It was rewarding to revive the familiarity with The Cramps through Dick Porter’s book Journey to the Centre of the Cramps [Omnibus Press, 2015; review here]. Reading this book alerted a train of associations that brought back memories from the times when my admiration for the group was ambivalent. Maybe you will recognize yourself in such a situation where you are caught between bewilderment and hesitation towards a group concept that is totally new for you.
I first encountered The Cramps in the summer of 1979 in London when they warmed up for the main attraction, The Police; a band that was sky-rocketing in popularity at the time. I attended the concert at the Lyceum Ballroom more or less unprepared, without knowing very much of The Cramps beforehand. Thus, I was then totally unaware of the connection between the two bands on stage that night. I did not know that Miles Copeland both managed The Police (in which his brother Stewart played drums) and founded the record companies that (re)issued The Cramps’ first records; Illegal Records (founded in 1977) in the UK, and International Record Syndicate (1979) in the US.
June 1979 was an interesting time period for The Cramps. The Gravest Hits EP was released that month, giving the European audience easier access to their two first Vengeance-singles, with a cover version of Ricky Nelson’s Lonesome Town as bonus track. The Cramps was in Manchester some weeks before the Lyceum gig, which prompted the Mancunian Steven Morrissey to write favorably about them in letters that were published in Sounds and New Musical Express. Morrissey’s fascination resulted in that he and Lindsay Hutton shortly thereafter formed the Legion of the Cramped – a fan club that communicated with its fans through the zine Rockin’ Bones. The Legion was in operation for a few years until The Cramps asked them to close down. But Morrissey’s relation did not end – shown by his unbridled accolade in Record Mirror (1980) and his sign of respect to Lux Interior at the end of Something Is Squeezing My Skull on the Jimmy Kimmel Show in 2009, the day after The Cramps’ singers demise.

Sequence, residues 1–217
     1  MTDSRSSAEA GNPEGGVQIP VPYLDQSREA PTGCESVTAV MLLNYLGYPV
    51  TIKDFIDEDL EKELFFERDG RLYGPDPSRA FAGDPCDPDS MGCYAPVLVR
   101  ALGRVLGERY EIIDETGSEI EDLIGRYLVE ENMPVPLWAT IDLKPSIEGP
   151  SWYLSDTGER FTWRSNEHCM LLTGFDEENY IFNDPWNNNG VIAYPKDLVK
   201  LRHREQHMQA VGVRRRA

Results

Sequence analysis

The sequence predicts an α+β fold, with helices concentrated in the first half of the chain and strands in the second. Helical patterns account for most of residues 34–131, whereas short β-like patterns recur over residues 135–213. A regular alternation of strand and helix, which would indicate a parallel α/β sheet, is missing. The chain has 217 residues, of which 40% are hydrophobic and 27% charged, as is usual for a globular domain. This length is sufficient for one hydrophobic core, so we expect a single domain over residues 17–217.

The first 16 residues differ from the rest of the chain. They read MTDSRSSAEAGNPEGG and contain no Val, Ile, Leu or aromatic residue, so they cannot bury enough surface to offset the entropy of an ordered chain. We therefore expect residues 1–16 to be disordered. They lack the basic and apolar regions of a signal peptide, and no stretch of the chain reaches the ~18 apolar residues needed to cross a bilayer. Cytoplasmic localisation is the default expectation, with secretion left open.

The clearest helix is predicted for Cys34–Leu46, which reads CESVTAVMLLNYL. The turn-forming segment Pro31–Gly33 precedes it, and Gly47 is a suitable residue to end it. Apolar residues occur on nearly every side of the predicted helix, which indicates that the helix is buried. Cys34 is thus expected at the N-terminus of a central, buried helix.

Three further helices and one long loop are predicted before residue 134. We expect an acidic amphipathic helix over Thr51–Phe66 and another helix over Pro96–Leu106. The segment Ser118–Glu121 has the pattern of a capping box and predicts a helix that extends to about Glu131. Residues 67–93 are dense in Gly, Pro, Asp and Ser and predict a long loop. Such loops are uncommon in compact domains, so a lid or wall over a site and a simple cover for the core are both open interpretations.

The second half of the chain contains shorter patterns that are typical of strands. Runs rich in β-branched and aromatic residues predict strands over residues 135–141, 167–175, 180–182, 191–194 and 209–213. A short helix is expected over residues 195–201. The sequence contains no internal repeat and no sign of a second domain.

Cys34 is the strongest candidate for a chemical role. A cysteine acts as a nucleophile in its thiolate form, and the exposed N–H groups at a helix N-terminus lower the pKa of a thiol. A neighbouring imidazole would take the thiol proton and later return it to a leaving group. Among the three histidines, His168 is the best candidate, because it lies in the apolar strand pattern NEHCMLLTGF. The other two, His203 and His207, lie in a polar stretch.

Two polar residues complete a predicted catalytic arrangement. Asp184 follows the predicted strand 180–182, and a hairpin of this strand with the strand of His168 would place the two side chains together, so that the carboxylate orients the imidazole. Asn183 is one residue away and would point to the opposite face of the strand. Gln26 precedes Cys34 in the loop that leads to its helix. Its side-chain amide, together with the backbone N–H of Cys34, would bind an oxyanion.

Compared to the reaction alertness of Morrissey’s, my own response time was much longer. Immediately after the Lyceum concert I did not know what to think. Exciting, yes, but hesitation and confusion ruled my feelings. Was it serious, or only a gimmick? Still, I cherished the performance by The Cramps a lot more than the one of The Police. It was rather depressing to see the audience’s instinctive overreaction to their lukewarm repertoire, including a far too long and degenerative sing along to Roxanne directed from the stage…
I was apparently not ready yet to be carried away. In fact, conviction of The Cramps’ greatness did not appear crystal clear even after the Gravest Hits EP had spun frequently at the turntable later that year. It was mainly the five minutes plus cover of The Trashmen’s Surfin’ Bird that added to my reluctance. (Still, I think such exaggerated version fits better at the very end of a live set rather than as a studio record track.)
It was, a little bit shamefully, not until their well-balanced and carefully styled first album, the classical Songs The Lord Taught Us, was released in 1980 the penny really dropped for me. After that, there were no turning back. For one thing, that album started me investigating the originals to all their covers – or, in some cases, blatant borrowings, long before the Born Bad (Song that The Cramps learned us) volumes put those things in place. This search for the originals opened doors to obscure rockabilly, little-known instrumentals and seldom heard ‘60s garage bands, which together forms a stable tripod to build further wide-ranging music curiosity on.
I really wish I could have joined Lux and Poison during their vacuum cleaning of record bins in the ‘70s described in Journey to the Centre of the Cramps during a time before these treasures got impossible to get hold of (for us non-millionaires).
Cross-sectional Cramps playlist 1978–2003
Human Fly 
TV Set 
The Natives Are Restless 
You Got Good Taste 
People Ain’t No Good 
All Women Are Bad 
Eyeball In My Martini 
Ultra Twist 
Like A Bad Girl Should 
Big Black Witchcraft Rock